I am relieved to see that there is a gathering consensus around the similarities between Obama and the Clintons, both B & H. Politically they are all Centrist Conservatives, and so perhaps we can put aside the Obama-Be-All-Bad thrashing around and focus instead on figuring out how to move Obama in our direction.

To speak plainly, that task is ours to own and how well it gets done will be a measure of our skill and determination, not Obama's. We have an opportunity, bigger than we had with WJC by a long shot, and the tide of fortune is swinging in our direction. In the midst of this travail, we can if we are clever and diligent build up a new construction that is far better than anything we as a nation have had before. I say "we" because Progressives will have to be the ones to set out our goals and sell them.

It is absolutely true that Obama will not do it for us, out of his own volition. It is up to us to find a persuasive voice and make ourselves heard.

Submitted by lambert on

... would be for "some" to stop classifying all criticism of Obama as "Obama-Be-All-Bad" (though I would have written "Obama-Is-All-Bad). I certainly don't engage in it, so it's hard to know, from the Broder-like vagueness of this comment, whose actions are meant to be affected.

vastleft's picture
Submitted by vastleft on

Like atheists, at some deep down level, all Obama skeptics and critics are wrong.

They just don't act the way the best people do, and their motives are base and hateful.

Sarah's picture
Submitted by Sarah on

nice to find myself included in a group at Corrente.

Not snark.

I made a couple of points in earlier comments about parts of last night's speech on which I hold reservations, or even skepticism.

One's the line about a conversation on Social Security.
One's the line about continuing the commitment to charter schools.

But, both of those were 'embedded' comments in the speech. In point of fact there is an actual funding problem with Medicare (NOT Social Security). Obama rightly identified the need to address rising health care costs to strengthen the program for years to come; he then segued into the line on a conversation about Social Security.

It would be very easy to simply write off the entire paragraph as a lie, knowing that there is no funding crisis in Social Security. It would be much less of an elision to note that while there is no problem in Social Security funding, cutting health care costs will help alleviate the related problem of the Medicare budget shortfall.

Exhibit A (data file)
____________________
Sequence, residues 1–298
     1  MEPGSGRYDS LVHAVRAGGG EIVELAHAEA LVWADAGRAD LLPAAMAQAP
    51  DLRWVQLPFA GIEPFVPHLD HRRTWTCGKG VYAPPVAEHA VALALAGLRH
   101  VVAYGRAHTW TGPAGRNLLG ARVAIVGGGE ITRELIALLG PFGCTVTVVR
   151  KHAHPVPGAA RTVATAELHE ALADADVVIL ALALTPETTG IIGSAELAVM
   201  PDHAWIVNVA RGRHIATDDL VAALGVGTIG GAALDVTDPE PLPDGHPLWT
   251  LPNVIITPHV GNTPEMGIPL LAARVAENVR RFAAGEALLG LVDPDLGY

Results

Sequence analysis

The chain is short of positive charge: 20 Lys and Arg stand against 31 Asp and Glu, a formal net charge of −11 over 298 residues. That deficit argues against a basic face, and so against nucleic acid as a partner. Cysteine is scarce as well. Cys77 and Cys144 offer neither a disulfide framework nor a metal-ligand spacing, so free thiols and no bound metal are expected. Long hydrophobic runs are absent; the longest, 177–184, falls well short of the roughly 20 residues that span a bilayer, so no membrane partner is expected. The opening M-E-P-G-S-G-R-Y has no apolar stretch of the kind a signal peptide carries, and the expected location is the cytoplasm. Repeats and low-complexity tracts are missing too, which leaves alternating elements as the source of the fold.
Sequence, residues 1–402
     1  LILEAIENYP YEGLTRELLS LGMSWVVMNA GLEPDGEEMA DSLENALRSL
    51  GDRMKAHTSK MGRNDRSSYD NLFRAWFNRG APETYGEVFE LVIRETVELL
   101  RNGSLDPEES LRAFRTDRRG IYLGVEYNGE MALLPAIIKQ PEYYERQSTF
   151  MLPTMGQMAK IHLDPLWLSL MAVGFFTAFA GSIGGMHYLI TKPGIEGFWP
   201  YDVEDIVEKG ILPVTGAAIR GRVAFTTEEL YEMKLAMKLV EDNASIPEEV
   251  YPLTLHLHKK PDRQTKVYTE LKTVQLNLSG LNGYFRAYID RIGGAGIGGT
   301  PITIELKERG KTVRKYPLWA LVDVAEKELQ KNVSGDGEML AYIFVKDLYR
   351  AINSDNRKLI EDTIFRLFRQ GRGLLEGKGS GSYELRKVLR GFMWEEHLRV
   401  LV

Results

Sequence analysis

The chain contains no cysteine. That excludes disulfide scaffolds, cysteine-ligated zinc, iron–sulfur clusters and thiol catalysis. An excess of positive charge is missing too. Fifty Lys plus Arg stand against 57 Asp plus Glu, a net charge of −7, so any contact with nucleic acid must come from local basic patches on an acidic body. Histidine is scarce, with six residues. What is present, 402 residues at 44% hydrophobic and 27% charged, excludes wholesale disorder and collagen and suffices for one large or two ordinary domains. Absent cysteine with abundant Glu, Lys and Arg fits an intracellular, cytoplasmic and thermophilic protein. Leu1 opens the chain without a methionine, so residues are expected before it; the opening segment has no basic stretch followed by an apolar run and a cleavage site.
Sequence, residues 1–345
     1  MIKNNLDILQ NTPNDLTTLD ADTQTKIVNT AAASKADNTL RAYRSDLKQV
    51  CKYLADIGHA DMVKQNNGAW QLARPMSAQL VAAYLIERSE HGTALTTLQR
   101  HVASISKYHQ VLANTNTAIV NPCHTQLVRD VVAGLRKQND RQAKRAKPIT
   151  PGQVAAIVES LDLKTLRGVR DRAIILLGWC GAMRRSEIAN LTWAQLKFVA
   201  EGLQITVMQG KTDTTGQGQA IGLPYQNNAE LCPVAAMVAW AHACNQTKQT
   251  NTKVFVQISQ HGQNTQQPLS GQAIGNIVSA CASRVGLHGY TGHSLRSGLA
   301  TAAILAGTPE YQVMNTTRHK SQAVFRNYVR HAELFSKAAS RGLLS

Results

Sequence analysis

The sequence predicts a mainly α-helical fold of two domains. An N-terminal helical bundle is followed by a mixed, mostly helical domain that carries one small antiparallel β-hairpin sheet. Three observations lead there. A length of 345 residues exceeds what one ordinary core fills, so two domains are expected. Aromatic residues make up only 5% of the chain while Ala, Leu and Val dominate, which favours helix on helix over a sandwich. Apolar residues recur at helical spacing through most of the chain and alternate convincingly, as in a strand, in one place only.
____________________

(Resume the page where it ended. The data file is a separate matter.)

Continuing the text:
I don't have a problem with criticizing Obama's speeches, actions, ideas or policies, or his nominated Cabinet candidates. What I do have a problem with is criticism without evidence except "because it's Obama."

The problem with the line in the speech on Social Security isn't that Obama said it, it's that it's inaccurate.

But just because Obama said it isn't why it's inaccurate -- and isn't the reason to call out the miscue.

The problem with the commitment to charter schools isn't that Obama said it; it's that charter schools, by their very nature, discriminate and exclude as many students (primarily students who have serious disabilities either physically, mentally or financially) as their charters allow. This is not how we take America back to the forefront of an educated and progressive society; this is how we slam more doors in more kids' faces.
Deaf kids, blind kids, wheelchair-bound kids, kids with autism/Asperger's, poor kids, ESL kids, kids with learning disabilities like dyslexia or dysgrafia -- they all suffer when we use "charter schools" as an excuse to further gut public education.

But that's not a problem because Obama mentioned it; it's a problem because charter schools are designed to refuse services based on the charter.

That said, I recognize something else: I can't live in a perfect world according to my whimsy (and I don't run the world we do live in, which I suspect should be a great relief to many people). So I recognize the need to do the best I can with what I've got where I'm at; it's a citizen's duty to recognize and support the good ideas as well as to call out and object to the bad ones, in a democracy, isn't it?

vastleft's picture
Submitted by vastleft on

The notion that Obama's regularly criticized around here for being Obama is almost always raised out of context of any actual occurrence of same, because it's certainly not the way Lambert and I, among most others who contribute here, roll.

If the rest of the leftysphere would verify, along with hope, we wouldn't have to be the lone -- and oh-so-gauche -- voice of progressive critique of the gentleman. If only....

bringiton's picture
Submitted by bringiton on

Think that would be helpful? I don't.

Couple of things:

I have certainly not been classifying all criticism of Obama as "Obama-Be-All-Bad" either here or elsewhere. That charge is simply a strawman, and not a step in the right direction.

I certainly don't engage in it, so it's hard to know...whose actions are meant to be affected. If the shoe fits. Aimed at those who engage in the practice, and there are plenty of them around. Not aimed at those who do not engage in the practice. See? Not so difficult to sort.